Siding is the exterior covering of a home, often a prefabricated material that is applied in pieces, such as laps or panels, over sheathing. Manufactured sidings can be installed more quickly and easily, therefore less expensively than natural materials such as brick or stone. Most sidings are relatively lightweight, hold up to extreme weather conditions, and come in a variety of colors and textures. The most common and practical materials are wood, wood byproducts, vinyl and metal siding. These are sold in packages that include installation and extended warranties. Find out exactly what a manufacturer's package includes before making a commitment.
Types of Siding
Your decision as to what type of siding to use is a critical one. It will have a profound effect on not only the final appearance of your home, but also on your building and energy budgets. As you make exterior decision, keep these factors in mind: price, resale value, appearance, sound insulations, repair, maintenance, and combustibility.
Wood sidings, whether horizontal, vertical or diagonal, are among the most popular choices for homes today. You will find wood siding as shingles or hand-split shakes and boards, which are available in beveled, also known as clapboard, and tongue-and-groove or shiplap designs.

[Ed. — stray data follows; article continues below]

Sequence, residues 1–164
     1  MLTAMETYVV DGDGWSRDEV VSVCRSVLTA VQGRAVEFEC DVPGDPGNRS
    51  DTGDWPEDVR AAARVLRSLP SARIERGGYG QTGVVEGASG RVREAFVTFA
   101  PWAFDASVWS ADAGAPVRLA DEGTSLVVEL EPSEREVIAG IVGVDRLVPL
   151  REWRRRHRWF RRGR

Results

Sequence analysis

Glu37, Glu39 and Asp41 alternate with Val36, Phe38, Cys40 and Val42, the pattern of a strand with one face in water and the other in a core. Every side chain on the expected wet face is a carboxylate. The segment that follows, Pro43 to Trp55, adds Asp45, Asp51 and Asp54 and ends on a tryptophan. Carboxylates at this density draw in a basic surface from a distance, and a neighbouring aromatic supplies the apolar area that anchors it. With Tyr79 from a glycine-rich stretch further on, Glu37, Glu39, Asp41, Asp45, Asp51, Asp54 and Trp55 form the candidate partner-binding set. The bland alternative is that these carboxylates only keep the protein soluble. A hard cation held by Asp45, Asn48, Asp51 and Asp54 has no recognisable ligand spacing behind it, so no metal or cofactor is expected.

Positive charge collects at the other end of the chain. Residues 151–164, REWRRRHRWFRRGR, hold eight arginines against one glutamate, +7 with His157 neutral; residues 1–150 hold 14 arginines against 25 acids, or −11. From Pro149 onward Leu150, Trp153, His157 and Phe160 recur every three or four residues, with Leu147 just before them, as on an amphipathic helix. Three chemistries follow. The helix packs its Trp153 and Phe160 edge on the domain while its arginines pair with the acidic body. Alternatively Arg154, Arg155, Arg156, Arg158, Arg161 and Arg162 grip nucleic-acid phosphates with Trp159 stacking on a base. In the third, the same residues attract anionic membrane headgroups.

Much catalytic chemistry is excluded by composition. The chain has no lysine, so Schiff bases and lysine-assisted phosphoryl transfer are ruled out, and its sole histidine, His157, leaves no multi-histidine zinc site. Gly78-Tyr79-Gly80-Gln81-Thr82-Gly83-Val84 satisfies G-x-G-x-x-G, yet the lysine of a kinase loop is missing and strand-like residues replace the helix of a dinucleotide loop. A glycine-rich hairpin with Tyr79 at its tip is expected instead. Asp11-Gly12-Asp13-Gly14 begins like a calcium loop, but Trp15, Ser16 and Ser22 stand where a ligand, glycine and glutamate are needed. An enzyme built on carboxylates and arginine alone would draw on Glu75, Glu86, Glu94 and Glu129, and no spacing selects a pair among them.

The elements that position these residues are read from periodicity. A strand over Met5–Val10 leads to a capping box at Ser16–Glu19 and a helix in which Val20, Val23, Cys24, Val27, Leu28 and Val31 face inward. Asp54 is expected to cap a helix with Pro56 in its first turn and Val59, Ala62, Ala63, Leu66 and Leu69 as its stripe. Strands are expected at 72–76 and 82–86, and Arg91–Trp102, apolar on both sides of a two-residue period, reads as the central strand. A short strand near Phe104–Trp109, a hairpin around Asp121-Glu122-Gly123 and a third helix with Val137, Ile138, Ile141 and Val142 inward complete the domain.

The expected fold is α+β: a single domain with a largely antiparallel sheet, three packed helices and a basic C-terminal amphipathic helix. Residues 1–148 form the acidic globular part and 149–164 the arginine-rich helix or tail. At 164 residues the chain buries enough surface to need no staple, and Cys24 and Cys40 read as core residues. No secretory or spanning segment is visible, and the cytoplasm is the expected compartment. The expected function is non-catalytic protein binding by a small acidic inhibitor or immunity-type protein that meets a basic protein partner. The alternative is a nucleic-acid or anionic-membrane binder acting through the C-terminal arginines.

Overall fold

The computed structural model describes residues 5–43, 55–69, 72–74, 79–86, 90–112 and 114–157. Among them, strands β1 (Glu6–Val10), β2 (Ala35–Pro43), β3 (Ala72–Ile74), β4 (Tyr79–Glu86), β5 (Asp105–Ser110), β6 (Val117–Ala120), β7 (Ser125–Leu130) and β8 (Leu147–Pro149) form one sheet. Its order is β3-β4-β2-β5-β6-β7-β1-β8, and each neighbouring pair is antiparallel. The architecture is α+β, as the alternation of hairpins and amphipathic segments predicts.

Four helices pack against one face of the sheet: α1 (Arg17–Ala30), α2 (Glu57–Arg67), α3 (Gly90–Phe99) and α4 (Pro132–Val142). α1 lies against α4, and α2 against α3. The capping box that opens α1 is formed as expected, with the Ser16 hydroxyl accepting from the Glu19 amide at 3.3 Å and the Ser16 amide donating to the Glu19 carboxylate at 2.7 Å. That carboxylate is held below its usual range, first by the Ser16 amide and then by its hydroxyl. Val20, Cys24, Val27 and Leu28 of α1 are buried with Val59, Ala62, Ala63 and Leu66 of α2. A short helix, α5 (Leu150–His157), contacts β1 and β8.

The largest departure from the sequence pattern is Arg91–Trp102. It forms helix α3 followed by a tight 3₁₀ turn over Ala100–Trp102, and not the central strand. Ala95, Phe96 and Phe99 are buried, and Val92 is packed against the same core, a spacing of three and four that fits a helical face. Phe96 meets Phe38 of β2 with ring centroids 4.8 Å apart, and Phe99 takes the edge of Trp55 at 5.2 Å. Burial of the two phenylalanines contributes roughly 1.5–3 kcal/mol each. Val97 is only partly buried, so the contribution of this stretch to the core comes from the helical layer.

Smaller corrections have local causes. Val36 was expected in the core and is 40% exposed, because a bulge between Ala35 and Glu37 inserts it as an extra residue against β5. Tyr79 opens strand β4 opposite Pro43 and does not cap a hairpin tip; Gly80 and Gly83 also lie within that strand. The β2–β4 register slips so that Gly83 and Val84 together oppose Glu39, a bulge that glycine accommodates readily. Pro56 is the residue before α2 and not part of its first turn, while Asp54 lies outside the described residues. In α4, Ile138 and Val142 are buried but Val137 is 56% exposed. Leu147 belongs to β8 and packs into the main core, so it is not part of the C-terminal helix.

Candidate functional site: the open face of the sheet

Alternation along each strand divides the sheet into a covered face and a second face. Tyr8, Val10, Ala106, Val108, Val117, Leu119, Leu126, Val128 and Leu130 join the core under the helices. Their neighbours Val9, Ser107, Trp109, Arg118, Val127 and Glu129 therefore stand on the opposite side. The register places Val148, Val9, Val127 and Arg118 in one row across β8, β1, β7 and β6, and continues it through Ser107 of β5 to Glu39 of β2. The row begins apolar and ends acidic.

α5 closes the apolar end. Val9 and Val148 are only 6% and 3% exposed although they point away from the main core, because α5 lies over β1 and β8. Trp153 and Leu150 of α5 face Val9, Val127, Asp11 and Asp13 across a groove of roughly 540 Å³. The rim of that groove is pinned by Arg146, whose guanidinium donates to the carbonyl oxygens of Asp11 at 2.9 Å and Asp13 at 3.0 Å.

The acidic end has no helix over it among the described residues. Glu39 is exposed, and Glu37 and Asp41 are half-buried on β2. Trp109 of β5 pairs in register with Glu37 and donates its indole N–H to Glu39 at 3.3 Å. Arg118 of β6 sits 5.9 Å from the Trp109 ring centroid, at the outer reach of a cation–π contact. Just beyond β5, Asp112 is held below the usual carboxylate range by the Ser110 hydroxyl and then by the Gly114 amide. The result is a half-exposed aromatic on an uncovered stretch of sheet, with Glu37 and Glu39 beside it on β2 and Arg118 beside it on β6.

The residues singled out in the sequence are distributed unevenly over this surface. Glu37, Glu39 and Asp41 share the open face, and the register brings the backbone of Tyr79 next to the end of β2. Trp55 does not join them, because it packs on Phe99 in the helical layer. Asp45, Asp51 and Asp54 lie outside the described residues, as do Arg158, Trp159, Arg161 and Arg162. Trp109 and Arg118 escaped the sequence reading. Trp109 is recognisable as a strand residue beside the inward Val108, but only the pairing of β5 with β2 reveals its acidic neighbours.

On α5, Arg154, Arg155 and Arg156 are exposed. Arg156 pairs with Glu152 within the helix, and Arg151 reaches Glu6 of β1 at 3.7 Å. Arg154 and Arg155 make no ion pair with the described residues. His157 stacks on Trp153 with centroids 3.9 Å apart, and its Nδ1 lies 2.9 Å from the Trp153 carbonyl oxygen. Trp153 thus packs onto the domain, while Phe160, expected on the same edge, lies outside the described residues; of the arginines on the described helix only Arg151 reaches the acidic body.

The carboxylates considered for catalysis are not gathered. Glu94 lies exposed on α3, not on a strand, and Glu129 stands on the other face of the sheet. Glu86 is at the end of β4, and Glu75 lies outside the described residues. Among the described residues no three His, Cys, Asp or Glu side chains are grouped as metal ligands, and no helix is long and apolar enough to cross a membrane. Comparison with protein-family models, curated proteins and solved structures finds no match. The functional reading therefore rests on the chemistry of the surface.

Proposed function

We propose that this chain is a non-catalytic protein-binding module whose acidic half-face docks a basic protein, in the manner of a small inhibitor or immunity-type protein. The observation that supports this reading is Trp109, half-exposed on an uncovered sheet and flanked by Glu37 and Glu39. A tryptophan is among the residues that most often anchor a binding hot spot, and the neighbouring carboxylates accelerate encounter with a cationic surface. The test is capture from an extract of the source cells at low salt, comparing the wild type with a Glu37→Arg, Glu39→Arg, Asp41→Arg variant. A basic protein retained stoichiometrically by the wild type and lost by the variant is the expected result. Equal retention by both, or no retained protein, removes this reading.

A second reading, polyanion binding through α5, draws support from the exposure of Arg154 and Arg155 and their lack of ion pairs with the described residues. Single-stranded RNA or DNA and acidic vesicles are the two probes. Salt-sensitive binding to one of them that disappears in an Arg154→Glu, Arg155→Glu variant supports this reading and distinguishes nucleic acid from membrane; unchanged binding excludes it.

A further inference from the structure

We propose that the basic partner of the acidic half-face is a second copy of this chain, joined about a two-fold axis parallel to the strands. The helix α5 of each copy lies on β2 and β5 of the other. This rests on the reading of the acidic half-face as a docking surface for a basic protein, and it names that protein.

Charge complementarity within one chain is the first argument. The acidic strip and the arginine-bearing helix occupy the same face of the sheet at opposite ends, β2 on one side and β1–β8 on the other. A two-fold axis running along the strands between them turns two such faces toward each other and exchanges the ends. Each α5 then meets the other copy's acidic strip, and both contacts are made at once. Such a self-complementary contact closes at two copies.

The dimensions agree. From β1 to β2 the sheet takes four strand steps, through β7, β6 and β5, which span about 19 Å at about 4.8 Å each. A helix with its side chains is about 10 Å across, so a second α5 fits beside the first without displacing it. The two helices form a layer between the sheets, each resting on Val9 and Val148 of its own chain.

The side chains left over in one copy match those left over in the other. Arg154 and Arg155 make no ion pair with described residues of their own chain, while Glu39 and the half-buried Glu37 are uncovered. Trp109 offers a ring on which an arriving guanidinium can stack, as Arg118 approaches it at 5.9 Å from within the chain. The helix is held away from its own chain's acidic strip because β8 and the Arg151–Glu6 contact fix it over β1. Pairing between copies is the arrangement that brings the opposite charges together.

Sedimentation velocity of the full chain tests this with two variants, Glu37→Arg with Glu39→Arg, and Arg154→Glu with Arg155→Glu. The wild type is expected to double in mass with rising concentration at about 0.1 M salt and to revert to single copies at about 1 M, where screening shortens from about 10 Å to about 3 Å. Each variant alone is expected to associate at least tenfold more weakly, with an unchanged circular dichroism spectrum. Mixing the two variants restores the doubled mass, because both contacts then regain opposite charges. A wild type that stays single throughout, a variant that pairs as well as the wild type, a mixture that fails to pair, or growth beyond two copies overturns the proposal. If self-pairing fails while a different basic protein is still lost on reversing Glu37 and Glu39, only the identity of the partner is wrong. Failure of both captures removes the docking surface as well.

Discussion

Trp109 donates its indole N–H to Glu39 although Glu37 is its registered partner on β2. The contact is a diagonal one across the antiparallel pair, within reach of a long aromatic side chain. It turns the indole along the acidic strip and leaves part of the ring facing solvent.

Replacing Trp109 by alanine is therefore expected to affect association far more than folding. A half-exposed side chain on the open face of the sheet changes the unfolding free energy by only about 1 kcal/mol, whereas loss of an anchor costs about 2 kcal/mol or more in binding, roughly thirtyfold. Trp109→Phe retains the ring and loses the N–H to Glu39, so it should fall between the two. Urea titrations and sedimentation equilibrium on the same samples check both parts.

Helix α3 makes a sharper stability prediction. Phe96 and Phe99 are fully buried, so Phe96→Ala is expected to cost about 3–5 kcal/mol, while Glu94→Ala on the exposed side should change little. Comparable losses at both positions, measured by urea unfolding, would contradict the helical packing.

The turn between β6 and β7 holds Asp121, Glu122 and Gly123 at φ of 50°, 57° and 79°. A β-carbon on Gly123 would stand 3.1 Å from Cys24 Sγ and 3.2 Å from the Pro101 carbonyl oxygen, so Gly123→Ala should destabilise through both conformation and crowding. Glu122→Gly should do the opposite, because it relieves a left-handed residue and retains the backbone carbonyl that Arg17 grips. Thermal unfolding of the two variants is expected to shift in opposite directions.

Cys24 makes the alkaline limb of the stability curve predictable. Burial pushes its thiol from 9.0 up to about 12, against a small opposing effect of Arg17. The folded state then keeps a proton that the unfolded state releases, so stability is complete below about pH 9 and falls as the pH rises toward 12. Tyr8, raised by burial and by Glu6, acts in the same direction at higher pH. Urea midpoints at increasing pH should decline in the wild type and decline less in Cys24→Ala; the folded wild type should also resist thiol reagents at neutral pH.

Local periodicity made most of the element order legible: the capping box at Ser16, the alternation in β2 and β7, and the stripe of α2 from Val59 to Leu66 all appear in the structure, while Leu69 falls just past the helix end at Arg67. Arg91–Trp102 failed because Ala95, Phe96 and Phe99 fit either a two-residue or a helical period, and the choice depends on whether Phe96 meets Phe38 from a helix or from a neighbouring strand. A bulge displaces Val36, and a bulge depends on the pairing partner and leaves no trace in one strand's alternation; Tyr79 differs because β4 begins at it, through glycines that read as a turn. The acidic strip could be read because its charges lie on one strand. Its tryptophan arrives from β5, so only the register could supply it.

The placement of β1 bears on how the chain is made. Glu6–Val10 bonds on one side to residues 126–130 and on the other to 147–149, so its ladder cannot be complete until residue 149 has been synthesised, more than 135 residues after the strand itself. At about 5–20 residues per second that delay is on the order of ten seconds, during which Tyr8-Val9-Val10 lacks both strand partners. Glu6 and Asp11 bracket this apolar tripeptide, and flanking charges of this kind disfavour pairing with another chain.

Wood siding is easy to install, reasonably priced, and with proper care and maintenance, has a life span of 30 to 50 years. Warranties on wood siding are not as extensive as those for vinyl and metal. It requires paint or stain to protect its finish.
Wood Board siding is often milled from pine, fir, cypress, and redwood. The boards are usually ¾ inch thick, 4 to 12 inches wide and up to 20 feet long. The boards can run horizontally, vertically, or diagonally. The main consideration is the looks of the house. Running the boards vertically will give the house a greater sense of height; running them horizontally will tie the house more into the ground plane.
Wood shake and shingle siding tend to make an architectural statement and correspondingly are the most time consuming of these sidings to install. It is best applied to Queen Anne, Craftsman or vacation homes. While cedar shingles are relatively inexpensive as a product, the volume required to finish an entire house is often prohibitive. To make cedar shingles more affordable, some manufacturers pre-apply them onto plywood panels that attach to the exterior walls. Cedar shingles are used primarily as an accent or decoration on a facade.